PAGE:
When Does My Kid Get to Make His Own Decisions?: Ask Harry & Louise

Our husband-and-wife team advises a mother wondering when to stand her ground and when to give in to her child’s requests.

By: Harry Jaffe, Louise Jaffe

Dear Harry and Louise:

My son is about to turn 11, and up until now, he has been pretty receptive about doing all of the activities I have “suggested.” One of them is swim club, which he has done for the past three years. He gets a very good workout twice a week and leaves happy, and I observe him having fun while swimming . He’s not very interested in sports, does not participate in any other athletic activity, and I know he needs this workout for all the obvious mental and physical health benefits. In the past year, he has started complaining about swimming and does not want to go, yet he finishes swimming in a good mood, and I can see the benefits of the exercise regime in his overall well-being.

Recently, he has asked me, “When do I get to start making my own decisions?” One of his main sticking points is swimming. I have told him he has to do swim club until eighth grade (he’s in fourth grade); my rationale is that after eighth grade he will be in a school that has a better after-school sports program. At his current school, athletics are very weak—PE is just once a week. It hasn’t turned into a huge battle yet, and he still goes to swim club without too much of a fuss, but he complains almost every time.

Do I hold the line and keep him in swimming until eighth grade? My gut instinct is yes—he needs the exercise and will not get it otherwise (I don’t see possibilities for another sport for him within our community). Or do I need to let him make his own choice about this?

Indecisive Mother

• • •

LOUISE SAYS:

Your gut instinct is exactly right on this one. Stick to your guns and establish that swim team will be a given until the eighth grade. Your gut is telling you it’s the right decision because you realize your son needs 1) a physical activity, and swimming is a healthy one; and 2) an activity that is a regular part of his life, which helps establish his identity, observable in this case by his happiness after each practice. Your doubt is kicking in because now you have to be the heavy and enforce your expectation. You became the enforcer once your son began to complain.

The complaints will likely continue as he looks around and contemplates that he may want to sleep in, or play video games, or sit around and do nothing like some of his friends. Remain clear and unemotional as you listen to the complaints while driving to swim practice.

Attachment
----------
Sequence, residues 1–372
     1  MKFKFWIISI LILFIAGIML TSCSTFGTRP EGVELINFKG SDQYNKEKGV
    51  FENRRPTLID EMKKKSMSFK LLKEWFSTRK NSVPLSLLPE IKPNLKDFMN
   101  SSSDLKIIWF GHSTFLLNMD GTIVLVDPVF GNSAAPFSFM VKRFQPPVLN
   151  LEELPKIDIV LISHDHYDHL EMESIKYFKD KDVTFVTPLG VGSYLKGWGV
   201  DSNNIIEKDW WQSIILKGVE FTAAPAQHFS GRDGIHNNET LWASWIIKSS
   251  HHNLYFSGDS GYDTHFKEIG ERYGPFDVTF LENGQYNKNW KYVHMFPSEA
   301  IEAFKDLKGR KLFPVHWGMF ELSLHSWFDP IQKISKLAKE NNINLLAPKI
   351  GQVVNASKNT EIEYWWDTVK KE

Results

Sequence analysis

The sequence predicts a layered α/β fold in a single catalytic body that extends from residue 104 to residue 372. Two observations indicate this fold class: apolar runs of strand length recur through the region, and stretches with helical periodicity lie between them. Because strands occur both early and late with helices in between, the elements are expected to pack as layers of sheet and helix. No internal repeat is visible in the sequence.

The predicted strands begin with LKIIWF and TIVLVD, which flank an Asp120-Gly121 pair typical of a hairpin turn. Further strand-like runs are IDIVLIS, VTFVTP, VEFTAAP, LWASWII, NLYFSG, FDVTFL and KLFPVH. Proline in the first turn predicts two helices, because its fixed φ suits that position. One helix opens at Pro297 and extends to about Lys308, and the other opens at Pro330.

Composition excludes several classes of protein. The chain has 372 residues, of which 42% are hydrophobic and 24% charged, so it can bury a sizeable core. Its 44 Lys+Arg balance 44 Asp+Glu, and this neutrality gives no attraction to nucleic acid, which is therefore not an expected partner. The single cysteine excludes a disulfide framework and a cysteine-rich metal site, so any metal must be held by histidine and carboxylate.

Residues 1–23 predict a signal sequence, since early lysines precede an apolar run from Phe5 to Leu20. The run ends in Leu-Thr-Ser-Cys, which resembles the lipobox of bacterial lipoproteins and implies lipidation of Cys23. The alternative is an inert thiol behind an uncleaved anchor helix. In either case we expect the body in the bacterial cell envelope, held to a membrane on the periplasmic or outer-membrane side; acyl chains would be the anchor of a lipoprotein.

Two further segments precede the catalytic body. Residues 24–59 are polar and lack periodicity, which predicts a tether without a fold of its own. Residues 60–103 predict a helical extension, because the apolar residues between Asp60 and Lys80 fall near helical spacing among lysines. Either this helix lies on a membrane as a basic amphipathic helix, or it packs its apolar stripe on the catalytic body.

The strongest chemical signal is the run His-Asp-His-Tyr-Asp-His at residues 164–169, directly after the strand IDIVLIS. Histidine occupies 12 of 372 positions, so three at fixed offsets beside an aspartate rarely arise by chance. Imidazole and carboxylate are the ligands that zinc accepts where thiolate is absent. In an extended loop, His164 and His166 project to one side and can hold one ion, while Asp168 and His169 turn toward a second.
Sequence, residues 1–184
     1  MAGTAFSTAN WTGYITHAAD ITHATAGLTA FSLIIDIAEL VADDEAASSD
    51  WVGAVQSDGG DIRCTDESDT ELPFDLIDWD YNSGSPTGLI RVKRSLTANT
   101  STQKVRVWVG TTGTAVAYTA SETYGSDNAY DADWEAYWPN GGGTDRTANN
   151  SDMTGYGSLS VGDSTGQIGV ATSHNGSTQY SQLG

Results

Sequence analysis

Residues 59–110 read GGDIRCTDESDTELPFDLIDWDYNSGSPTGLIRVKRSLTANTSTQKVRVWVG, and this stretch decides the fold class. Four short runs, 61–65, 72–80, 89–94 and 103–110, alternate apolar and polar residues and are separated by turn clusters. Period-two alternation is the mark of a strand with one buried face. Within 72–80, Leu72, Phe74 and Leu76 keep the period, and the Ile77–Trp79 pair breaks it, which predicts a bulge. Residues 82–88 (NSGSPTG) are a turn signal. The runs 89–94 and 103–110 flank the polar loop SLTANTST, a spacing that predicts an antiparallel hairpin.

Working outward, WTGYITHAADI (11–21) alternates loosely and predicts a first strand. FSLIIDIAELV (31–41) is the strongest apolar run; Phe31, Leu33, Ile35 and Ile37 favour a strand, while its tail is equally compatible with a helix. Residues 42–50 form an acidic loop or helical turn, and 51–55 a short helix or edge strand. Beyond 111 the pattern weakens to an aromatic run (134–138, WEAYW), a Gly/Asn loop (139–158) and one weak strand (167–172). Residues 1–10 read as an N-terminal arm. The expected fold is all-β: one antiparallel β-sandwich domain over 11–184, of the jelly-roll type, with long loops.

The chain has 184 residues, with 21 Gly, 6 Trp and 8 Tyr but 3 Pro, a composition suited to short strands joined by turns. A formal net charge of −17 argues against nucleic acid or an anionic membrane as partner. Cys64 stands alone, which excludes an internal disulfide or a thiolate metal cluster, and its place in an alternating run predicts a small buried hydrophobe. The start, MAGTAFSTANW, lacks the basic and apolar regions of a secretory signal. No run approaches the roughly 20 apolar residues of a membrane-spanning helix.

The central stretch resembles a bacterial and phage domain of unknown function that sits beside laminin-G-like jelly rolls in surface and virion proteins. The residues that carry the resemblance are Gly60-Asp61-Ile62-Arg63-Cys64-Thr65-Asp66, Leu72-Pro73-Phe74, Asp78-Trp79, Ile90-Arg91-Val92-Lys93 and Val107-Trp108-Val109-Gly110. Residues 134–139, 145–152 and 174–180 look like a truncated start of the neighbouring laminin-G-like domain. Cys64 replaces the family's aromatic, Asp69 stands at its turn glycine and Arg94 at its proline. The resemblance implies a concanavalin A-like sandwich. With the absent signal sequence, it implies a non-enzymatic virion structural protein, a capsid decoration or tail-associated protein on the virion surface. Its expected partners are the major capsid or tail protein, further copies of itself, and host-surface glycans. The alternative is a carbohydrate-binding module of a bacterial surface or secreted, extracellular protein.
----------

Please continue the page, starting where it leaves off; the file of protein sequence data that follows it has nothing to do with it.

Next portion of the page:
My answer would very different if you were forcing your son into an activity that brought him physical or psychological discomfort—for example, if you were forcing him to go to football practice to be tackled by bigger boys five days a week even though he never expressed an interest in the sport. Complaining on the way to swim practice is not a sign of psychological discomfort; it’s merely a child taking out his frustration on Mom because he can.

We all have those activities that give us more pleasure when they are complete than while we’re engaged in the task. These tasks are still necessary and often yield significant rewards. Your son is lucky to have a supportive mom who is creating an environment that is helping him test his abilities and determine his strengths.

Now let’s sweeten the pot for him. You have chosen swim team, which he agreed to at an earlier age. Now let him choose an activity that you will support. As long as his activity is not dangerous and won’t break the bank, then let him have his thing. Be prepared for his choice activity to be something you don’t “get” but are still willing to support. I heard an interview with Michelle Obama in which she talked about raising responsible girls. She is very clear with her kids that there will be one activity each season that they must do and one activity they can choose.

By using the First Lady’s model, your son will develop the responsible habit of pursuing a healthy activity while appreciating that his voice is heard and respected.

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• • •

HARRY SAYS:

No so indecisive. You seem to be handling the first question well; standing firm and making your son stick with his swim team will have benefits for him, both physically and emotionally, far into the future. But that’s the easy one. When to allow a child to make his or her own decisions is a far tougher call.

We want to raise our children to be independent, right? But not so independent that they vacate the house all weekend. We want them to think for themselves, but not when they think they can take the car for a whirl when they’re 15. We hope they decide not to wear flip-flops on a snowy day, though many do.

So how do we strike a balance? Very slowly, with close observation and conversation. Reward good decisions; talk through bad ones. Be consistent. Establishing this kind of rapport when your son is 11 will build trust, make him smarter about choices, and make it easier to loosen the strings as he gets older.

The key word is trust. Establish it early. Letting go, when it comes time to do so, will be easier for all.

• • •

LOUISE SAYS:

Trust will also be established as a child grows up knowing Mom and Dad are on his side, even when they decide that he will participate in activities about which he complains.

HARRY SAYS:

Ah, that means showing up at swim meets and piano recitals. Must we? But of course.

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